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2 November 2000

The Daily update: Dog message

Synopsis: What exactly was wrong with that doggy pill story? Thanks to a Bush ad, the nonsense is back.

Bush Uses Dog Tales to Bite Gore
Howard Kurtz, The Washington Post, 11/1/00

Aides concede Gore made up medicine story
Dave Boyer and Sean Scully, The Washington Times, 9/19/00

Focusing on Gore Hyperbole
Peter Marks, The New York Times, 11/1/00

Thanks to a Bush ad, the dog pills are back. The ad paints Gore as a liar for his doggy-pill tale, then says his remarks can't be trusted on Social Security either. The crackpot logic perfectly enacts the two-year campaign about Gore's alleged fibbing—a campaign which began with the RNC, then spread to a quite-eager press corps.

But what is supposed to be wrong with Gore's comment about the dog pills? It's always been hard to explain. Here's how the Bush ad gets started:

BUSH AD: Remember when Al Gore said his mother-in-law's prescription cost more than his dog's? His own aides said the story was made up.

They did? The ad shows a 9/19 Washington Times article. Headline: "Aides concede Gore made up medicine story." But we've found someone else who makes lots of things up—the Washington Times often makes up good stories. Here is the actual part of the Times story where the "Gore aides" make their "concession:"

BOYER AND SCULLY: In fact, Gore aides yesterday could not say whether the candidate's mother-in-law pays for the arthritis medication Lodine out of her own pocket or if the cost is covered by insurance.

Does that sound like the aides "said the story was made up?" The aides said they didn't know how Gore's mom-in-law pays for the drugs. But Gore had never said anything about that. He said (correctly) that his mother-in-law and his dog both use the drug, and that the drug costs more for humans than for pets. Here's the actual quote which appeared in the press—the only quote which appeared in the press. Gore: "While it costs $108 a month for a person, it costs $37.80 for a dog." Those were figures from a congressional study, which Gore used to sketch out the problem. For the record: Boyer and Scully said Gore was correct about the general problem. They wrote, "Gore's basic premise is correct—prescription drugs in general do cost more for humans than for pets."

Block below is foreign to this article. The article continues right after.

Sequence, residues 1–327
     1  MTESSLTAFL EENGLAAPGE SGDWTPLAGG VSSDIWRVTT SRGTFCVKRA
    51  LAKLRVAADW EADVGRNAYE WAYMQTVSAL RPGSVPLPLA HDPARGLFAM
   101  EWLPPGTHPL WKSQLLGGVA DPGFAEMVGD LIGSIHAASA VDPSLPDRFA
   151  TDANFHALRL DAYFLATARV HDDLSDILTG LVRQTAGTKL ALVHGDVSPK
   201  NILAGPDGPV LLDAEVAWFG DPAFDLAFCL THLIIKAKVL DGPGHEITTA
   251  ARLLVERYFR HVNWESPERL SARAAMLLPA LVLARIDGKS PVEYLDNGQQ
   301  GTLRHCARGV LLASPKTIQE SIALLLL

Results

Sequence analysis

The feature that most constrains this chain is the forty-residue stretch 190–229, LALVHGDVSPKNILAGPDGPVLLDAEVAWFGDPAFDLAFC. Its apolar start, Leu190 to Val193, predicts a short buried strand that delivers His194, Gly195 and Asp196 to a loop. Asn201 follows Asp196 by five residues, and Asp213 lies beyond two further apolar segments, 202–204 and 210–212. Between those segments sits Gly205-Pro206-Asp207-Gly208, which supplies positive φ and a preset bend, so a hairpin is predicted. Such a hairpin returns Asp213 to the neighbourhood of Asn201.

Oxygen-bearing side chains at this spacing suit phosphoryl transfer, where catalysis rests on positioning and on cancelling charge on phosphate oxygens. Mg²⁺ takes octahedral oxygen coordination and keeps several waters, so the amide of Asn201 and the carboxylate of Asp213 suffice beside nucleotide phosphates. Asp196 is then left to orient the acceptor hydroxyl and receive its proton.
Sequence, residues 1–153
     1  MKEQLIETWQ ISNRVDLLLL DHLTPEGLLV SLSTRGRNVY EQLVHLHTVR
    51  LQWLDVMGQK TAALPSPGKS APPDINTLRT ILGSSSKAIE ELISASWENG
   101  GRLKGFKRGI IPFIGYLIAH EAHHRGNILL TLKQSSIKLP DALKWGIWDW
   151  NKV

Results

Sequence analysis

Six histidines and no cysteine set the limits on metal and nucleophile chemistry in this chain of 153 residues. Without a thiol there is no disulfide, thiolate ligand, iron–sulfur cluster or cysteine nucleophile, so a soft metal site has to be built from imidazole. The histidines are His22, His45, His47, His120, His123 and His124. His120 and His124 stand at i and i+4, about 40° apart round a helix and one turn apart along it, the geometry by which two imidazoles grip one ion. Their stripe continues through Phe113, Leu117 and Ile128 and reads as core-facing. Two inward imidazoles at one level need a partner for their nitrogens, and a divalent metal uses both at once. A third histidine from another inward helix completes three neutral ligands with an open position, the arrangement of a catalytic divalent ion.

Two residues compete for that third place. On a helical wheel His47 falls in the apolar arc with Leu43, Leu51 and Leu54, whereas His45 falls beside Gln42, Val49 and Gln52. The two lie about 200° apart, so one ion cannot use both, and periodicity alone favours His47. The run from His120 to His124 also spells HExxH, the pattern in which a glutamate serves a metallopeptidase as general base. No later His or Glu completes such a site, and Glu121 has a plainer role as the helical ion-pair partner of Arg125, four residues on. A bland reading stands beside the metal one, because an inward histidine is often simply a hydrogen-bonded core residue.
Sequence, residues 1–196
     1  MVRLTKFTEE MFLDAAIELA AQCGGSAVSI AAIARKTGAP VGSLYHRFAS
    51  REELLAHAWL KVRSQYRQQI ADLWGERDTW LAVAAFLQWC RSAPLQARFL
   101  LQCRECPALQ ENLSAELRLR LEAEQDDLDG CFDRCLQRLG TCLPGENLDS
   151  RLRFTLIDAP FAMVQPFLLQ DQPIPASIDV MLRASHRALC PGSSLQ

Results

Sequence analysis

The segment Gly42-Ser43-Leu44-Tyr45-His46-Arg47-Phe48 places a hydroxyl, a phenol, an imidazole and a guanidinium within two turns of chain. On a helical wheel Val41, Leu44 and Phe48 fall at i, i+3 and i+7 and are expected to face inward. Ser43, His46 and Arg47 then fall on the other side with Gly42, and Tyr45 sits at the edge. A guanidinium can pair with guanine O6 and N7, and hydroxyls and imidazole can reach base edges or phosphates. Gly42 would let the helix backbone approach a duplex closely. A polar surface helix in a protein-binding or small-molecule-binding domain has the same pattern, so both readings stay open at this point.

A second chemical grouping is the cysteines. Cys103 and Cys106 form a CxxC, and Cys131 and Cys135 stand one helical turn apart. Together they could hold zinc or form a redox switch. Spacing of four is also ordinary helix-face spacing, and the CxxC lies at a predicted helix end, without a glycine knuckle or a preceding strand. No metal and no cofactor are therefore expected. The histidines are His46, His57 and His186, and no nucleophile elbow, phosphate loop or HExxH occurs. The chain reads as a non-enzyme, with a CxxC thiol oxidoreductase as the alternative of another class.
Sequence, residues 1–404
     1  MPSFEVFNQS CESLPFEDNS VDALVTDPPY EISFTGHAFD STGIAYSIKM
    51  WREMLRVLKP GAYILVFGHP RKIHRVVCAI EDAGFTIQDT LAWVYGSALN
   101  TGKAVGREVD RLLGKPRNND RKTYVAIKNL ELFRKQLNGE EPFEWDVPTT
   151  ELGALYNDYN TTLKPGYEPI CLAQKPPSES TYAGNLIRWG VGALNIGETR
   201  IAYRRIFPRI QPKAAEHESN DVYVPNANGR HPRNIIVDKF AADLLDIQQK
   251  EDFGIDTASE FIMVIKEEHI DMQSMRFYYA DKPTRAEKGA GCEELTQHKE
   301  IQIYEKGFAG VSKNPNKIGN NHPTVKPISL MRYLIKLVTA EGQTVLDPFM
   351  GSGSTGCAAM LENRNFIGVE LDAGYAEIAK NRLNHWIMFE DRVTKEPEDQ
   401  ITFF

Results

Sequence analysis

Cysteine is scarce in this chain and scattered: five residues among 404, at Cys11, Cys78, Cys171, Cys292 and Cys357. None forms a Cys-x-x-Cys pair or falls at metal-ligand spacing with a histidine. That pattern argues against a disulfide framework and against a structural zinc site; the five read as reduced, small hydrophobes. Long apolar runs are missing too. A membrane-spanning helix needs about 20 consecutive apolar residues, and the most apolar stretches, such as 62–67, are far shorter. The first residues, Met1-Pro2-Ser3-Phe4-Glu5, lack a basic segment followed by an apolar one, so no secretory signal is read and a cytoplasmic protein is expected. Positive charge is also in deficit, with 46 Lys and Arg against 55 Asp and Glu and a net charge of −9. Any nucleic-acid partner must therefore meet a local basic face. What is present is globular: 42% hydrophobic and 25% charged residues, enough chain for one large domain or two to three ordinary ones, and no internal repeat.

Sorry, folks. "Gore aides" never said that "the story was made up." But don't expect the timorous press corps ever to note such a fact. Campaign 2000 has been neatly scripted: Bush is stupid, Gore makes things up. Yesterday, the Washington Post and the New York Times were both holding fast to those outlines.

Howard Kurtz, in the Post, did the more accurate AdWatch. Even there, things quickly got a bit hazy:

KURTZ: Gore did not "make up" the drug story but clearly misstated the facts, drawing the prices not from the family's bills but from a House Democratic study.

Sorry, Howie. The "facts" were accurate; "while it costs $108 a month for a person, it costs $37.80 for a dog." Granted, it's hard for a writer to explain to his readers why an ad would include utter nonsense like this. Perhaps if Kurtz had laid groundwork with better reporting, he could better explain to his readers the crackpot terrain of this absurd White House race.

But over at the New York Times, Peter Marks said it all was a joke. "There is an air of mischief in the Bush advertisement [that] began running on Halloween night," he said. Could a newspaper possibly have less of a clue? One hopeful is calling the other a liar; to the Times, it's all good clean fun. "The spot is funny, devastating," Marks writes, "and clearly intended to zing Mr. Gore."

So here's the part where the hapless Marks evaluates the "accuracy" of the ad. Get ready for total incompetence:

MARKS: ACCURACY...As for the reference to his mother-in-law and the dog, the Gore campaign was indeed forced to acknowledge that the anecdote was not gleaned from the candidate's own experience, but from a Congressional study.

That, of course, is utter nonsense. The anecdote was "gleaned from a congressional study?" The study didn't say that Gore's mom-in-law gets the drug (she does). It doesn't say that the dog gets it too (also true). Clearly, the entire "anecdote" wasn't gleaned from the study. Marks' statement is wrong on its face.

But Marks' statement is also irrelevant. He is supposed to be evaluating what it says in an ad. And what it says in the ad is this: "Gore's own aides say the story was made up." Did Gore's aides say the tale was made up? Kurtz correctly notes that they didn't. Marks, well scripted, quickly wanders off point. You know your attention span is lousy when you get lost in a 30-second ad.

Did aides say that the story was "made up?" Not in the piece which the ad clearly cites. But saying that would wander off script. Marks knew where to stay—right on message.